Those with late-night cravings in northern York County can rejoice.
Taco Bell, the popular fast-food restaurant known for midnight or later pickup windows, is one of two restaurants planning to open at Graystone Crossing, in front of the new Tega Cay Wal-Mart, later this year, the site developer confirmed Wednesday.
The Taco Bell, scheduled to open in late 2008 next to the Petro Express gas station on S.C. 160, will be built in front of a 22,000-square-foot retail shopping center by Centurion Partners. Philip Coriher of Centurion said a nationally-known burgers-and-fries restaurant also is close to a deal, but he couldn't release the name until the agreement was finalized.
The center also will become home to a Great Clips hair salon, Benjamin Moore paint store, Fresh Fruit Bouquet Co. and a SunCom wireless phone dealer. Coriher said he also expects to close on deals to bring a locally-owned pizza parlor, nail salon and flooring company to the $10 million plaza.
"We've only got a few spaces left," he said, noting Great Clips likely will open as soon as construction, which is in its final stages, is finished. "Some of these tenants wanted to open in the fall."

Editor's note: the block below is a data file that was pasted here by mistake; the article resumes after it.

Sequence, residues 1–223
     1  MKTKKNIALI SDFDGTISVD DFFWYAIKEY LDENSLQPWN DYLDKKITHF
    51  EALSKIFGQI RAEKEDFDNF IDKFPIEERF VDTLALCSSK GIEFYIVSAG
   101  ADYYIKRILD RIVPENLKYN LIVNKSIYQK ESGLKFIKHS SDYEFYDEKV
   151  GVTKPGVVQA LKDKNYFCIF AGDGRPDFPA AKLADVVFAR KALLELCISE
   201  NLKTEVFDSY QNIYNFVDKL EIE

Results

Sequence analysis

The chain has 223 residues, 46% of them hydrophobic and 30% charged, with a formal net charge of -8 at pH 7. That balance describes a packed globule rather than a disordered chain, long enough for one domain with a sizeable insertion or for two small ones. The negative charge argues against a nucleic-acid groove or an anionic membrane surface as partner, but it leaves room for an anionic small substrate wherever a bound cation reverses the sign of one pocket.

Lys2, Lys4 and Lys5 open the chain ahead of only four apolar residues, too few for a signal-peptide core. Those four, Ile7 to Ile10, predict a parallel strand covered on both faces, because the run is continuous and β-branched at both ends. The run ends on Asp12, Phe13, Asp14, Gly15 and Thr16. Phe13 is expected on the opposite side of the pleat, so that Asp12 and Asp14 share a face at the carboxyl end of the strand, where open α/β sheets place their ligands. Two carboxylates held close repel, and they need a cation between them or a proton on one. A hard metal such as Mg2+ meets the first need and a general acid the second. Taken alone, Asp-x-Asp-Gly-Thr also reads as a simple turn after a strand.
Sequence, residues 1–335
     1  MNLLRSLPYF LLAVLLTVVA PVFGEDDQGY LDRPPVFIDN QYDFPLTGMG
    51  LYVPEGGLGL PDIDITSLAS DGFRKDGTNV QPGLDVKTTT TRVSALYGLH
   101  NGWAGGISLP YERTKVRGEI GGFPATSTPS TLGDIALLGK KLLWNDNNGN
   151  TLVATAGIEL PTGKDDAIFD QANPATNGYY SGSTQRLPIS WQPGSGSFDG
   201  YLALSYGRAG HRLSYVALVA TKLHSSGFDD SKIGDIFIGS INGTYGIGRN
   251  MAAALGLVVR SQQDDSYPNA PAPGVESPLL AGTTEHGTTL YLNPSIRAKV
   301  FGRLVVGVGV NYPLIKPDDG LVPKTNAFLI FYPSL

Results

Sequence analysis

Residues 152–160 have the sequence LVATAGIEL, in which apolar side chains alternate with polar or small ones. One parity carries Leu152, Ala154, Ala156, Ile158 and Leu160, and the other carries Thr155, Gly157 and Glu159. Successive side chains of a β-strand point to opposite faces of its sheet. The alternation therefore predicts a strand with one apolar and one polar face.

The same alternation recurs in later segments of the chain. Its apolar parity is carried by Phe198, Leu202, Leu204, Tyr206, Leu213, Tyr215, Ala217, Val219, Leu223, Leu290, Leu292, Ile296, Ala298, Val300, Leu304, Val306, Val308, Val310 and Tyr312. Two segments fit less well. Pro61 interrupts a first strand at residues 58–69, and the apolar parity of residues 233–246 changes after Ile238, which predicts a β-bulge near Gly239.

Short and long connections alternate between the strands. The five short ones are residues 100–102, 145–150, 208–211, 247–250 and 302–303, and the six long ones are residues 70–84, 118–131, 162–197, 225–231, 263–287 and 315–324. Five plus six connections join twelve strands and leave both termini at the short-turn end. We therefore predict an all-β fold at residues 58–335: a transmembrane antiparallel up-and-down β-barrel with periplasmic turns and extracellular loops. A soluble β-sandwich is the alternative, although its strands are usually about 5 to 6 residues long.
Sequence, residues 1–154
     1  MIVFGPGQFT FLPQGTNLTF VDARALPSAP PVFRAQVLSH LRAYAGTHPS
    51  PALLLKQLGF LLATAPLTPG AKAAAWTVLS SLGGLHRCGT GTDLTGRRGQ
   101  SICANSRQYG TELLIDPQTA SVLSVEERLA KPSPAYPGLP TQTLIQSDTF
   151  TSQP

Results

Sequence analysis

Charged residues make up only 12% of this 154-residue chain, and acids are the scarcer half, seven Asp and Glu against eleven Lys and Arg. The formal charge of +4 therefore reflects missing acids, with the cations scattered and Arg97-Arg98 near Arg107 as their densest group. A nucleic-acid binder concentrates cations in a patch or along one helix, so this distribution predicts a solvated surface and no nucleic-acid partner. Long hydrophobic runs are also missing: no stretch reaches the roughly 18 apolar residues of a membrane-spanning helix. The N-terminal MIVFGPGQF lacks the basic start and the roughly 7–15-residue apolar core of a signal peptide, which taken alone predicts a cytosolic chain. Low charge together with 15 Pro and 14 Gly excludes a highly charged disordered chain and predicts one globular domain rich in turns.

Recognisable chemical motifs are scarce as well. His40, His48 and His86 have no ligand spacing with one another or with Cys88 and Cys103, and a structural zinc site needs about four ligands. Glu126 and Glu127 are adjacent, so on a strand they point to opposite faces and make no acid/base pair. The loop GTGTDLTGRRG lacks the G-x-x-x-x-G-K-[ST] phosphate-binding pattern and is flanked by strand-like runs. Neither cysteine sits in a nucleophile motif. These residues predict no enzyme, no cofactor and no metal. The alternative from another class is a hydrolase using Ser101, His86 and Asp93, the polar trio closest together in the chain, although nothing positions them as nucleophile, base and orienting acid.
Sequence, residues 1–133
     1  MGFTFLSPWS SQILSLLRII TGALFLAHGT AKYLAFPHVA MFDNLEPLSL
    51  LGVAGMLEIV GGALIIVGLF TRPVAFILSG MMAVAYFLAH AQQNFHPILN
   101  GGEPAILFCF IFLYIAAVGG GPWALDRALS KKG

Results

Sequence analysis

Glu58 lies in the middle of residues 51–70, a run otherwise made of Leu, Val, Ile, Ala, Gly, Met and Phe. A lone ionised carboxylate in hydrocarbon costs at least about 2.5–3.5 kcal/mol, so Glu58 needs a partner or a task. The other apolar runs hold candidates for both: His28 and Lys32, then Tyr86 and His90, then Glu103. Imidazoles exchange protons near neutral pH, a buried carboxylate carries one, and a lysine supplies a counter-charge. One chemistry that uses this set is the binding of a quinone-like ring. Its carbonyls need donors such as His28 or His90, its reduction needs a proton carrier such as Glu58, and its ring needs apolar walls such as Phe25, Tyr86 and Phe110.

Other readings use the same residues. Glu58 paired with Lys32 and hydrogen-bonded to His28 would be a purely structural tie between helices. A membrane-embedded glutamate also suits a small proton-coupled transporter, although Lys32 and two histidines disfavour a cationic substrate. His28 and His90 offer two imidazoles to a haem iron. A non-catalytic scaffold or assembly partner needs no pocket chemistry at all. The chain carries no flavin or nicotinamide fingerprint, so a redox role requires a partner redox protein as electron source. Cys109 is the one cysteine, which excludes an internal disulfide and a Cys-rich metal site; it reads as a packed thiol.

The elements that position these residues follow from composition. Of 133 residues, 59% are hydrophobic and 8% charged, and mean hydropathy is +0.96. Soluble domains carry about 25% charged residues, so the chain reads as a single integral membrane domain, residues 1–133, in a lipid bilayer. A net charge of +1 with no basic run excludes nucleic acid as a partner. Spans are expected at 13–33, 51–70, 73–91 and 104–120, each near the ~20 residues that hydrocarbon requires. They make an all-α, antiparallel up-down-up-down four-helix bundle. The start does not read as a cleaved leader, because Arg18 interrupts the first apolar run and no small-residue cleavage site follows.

Spin-off from Wal-Mart
The arrival of the new businesses marks some of the first spin-off growth from Wal-Mart, which is expected to open in March. Adjacent to Graystone on S.C. 160 is Stonecrest Village, a similar mixed retail plaza expected to attract dozens of specialty shops and restaurants.
"If you drive around that area, you'll notice it's kind of an underserved market," Coriher said. "That's what drew us to the area. There's so much residential, but if you need anything, you have to drive to Charlotte or Rock Hill. That housing boom is what's driving the commercial development."
Grocery, tire stores on hold
Across the street from Graystone and Stonecrest, a controversial proposal to rezone a 10-acre plot for an Aldi discount grocery store and Discount Tire store stalled after the property owner withdrew his request for rezoning. Herman Stone on Monday withdrew his application for the York County Council to change the designation from residential to commercial. He said he'll draw up new site plans and may resubmit the request to county officials later this year.
Stone's request recently came under fire from neighbors concerned the commercial growth along S.C. 160 will soon bog down traffic between Tega Cay and Interstate 77. Some contend smaller, specialty shops would be acceptable, but not discount big box stores.
"It seems everyone is being bullied," Waterstone Homeowners Association President Walt Steadman told the council Monday after some on the council argued that leaving the property residential would eventually cause school crowding. "If council allows this rezoning, we could have other property owners want to do the same thing."